Men more likely to victim-blame women who are sexually harassed as they have greater empathy for male perpetrators

A new study debunks the widely assumed argument that men lack empathy for female victims as researchers find that empathy for the male sexual harasser is a more consistent explanation

Despite movements such as #MeToo, women still fear the negative consequences of making a sexual harassment complaint. Many women face victim-blaming attitudes when they do, especially from men.

Such victim-blaming continues to make it very difficult for women who are sexually harassed to come forward and get a fair hearing when they do.

Scientists now have an answer to the question as to why women are blamed for being sexually harassed. They found that men’s empathy for other men who sexually harass women is the reason why they are more likely to blame victims.

The research shows that empathetic attitude for a male perpetrator - where men are much more likely to view things from the perpetrator’s point of view - contributes to increased victim-blame in a clear case of sexual harassment.

According to the researchers from the universities of Exeter, Queensland, and Bath, their findings highlight a dark side to empathy. They say while perpetrator empathy is typically higher in men (when considering male perpetrators), but it can be increased among women when they are shown the point of view of a male perpetrator.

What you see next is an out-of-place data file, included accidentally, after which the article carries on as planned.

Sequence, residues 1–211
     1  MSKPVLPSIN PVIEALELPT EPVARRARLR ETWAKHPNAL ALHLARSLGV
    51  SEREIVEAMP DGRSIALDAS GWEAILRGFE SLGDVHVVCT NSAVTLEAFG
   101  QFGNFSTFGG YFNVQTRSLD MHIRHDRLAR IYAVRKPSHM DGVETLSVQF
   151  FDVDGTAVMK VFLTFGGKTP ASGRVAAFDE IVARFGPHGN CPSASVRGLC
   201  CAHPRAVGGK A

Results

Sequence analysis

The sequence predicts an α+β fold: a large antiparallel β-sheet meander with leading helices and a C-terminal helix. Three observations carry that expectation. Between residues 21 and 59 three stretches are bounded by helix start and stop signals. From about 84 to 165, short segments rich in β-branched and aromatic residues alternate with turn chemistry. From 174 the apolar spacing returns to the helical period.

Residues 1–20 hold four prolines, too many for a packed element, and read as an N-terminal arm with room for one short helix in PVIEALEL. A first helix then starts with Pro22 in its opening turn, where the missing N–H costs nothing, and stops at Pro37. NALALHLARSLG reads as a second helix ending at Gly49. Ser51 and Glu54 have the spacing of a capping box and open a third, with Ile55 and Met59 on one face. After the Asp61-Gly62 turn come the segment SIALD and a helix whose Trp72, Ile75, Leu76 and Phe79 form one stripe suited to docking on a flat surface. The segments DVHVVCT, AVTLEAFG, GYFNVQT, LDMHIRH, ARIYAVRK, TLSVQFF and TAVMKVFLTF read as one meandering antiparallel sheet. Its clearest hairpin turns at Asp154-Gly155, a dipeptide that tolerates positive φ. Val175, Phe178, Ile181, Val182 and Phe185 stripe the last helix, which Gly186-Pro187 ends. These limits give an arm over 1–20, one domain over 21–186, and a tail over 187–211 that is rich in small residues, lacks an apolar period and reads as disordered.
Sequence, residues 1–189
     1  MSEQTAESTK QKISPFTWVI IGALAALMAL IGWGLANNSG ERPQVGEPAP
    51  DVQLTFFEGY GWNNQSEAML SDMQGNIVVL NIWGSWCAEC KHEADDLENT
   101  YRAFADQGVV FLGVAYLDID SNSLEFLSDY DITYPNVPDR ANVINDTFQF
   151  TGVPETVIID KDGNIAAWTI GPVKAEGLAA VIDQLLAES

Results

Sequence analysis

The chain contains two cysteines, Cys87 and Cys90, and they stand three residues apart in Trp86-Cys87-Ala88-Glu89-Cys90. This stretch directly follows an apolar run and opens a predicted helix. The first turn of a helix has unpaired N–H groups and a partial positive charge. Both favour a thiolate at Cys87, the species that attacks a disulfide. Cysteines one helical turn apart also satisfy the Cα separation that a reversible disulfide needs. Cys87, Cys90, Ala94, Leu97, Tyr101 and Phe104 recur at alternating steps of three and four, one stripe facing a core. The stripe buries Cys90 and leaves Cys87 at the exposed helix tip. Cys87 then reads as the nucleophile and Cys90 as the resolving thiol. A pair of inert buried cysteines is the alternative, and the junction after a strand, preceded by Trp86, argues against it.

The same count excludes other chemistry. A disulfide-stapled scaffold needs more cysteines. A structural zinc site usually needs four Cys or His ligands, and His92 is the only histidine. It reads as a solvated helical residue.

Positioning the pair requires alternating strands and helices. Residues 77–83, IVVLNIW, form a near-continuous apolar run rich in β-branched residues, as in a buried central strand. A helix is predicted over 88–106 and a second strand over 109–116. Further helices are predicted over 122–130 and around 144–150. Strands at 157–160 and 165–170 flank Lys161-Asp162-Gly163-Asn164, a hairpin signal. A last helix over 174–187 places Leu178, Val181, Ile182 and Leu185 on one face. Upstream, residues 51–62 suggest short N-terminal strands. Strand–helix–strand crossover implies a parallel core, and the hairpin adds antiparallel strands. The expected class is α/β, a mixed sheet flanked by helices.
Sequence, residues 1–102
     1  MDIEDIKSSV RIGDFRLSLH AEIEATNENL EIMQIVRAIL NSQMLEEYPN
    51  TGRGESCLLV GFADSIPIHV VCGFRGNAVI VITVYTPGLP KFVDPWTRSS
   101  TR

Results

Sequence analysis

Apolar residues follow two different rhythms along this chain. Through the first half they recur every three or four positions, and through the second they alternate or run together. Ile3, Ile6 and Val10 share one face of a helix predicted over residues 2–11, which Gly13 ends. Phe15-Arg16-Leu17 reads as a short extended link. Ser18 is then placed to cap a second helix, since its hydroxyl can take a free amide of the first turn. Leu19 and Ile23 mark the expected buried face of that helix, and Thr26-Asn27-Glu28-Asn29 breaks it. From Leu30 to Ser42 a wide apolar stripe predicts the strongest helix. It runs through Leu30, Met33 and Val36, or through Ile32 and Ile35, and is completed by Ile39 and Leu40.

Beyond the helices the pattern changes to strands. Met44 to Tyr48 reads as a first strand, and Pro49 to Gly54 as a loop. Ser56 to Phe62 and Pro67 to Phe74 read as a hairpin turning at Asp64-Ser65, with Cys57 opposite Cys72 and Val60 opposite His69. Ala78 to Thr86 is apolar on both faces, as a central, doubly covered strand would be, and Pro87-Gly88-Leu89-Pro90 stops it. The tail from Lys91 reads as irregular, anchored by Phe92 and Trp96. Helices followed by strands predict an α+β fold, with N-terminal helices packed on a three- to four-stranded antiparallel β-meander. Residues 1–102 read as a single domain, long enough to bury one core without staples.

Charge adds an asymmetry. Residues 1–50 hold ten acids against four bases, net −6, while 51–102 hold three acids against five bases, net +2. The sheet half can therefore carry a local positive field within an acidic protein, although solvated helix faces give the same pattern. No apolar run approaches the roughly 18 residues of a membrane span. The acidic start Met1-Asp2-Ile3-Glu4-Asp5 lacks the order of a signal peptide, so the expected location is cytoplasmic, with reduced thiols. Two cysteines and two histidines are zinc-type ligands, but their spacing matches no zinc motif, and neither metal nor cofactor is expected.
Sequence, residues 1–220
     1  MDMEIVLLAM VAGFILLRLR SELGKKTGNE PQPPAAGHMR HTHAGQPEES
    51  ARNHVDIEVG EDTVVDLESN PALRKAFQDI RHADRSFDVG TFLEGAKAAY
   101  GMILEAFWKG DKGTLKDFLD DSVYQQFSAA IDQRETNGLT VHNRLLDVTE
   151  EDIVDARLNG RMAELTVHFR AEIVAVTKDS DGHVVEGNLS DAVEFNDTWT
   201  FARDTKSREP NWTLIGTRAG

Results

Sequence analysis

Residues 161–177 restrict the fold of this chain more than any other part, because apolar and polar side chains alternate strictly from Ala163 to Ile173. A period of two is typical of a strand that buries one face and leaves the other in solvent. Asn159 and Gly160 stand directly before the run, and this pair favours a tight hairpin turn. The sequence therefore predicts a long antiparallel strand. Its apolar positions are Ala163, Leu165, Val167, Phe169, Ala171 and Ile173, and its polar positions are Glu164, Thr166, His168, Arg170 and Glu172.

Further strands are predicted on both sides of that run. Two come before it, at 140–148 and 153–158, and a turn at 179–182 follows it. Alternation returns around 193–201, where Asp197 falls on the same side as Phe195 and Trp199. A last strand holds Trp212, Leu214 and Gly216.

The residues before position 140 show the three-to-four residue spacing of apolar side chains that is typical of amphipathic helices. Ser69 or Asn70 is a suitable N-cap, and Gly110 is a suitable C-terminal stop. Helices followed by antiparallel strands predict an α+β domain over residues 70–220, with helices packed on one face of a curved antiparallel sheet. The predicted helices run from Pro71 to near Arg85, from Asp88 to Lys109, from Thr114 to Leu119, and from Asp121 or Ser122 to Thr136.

The researchers say a greater focus on this negative side to empathy is warranted to understand why women, who are victims of sexual harassment, are often blamed, rather than supported when they experience abuse.

“Men blamed the victim more than women (in our study), which was explained by their greater empathy for the male perpetrator but not lesser empathy for the female victim. These findings are based on a clear-cut case of sexual harassment, whereby the male perpetrator admitted to most of the alleged behaviors, and participants recognized his behaviors were sexual harassment. It suggests that male perpetrator empathy may be equally or more important than female-victim empathy for explaining victim blame for sexual harassment,” the researchers say in their findings published in the journal Psychology of Women Quarterly.

“Media reports of sexual harassment - especially involving male perpetrators - often focus on their point of view and the potential damage to their lives for being outed as a sexual harasser. Our findings point to the damaging consequences of that focus for female victims. To improve responding, everyone but especially men, should be mindful that their empathy for a male sexual harasser can increase their likelihood of blaming women for being sexually harassed,” says Dr. Renata Bongiorno from the University of Exeter, who led the research.

Gender differences in attitudes toward sexual harassment

According to researchers, women and men tend to have different attitudes and beliefs about sexual harassment and how it affects women.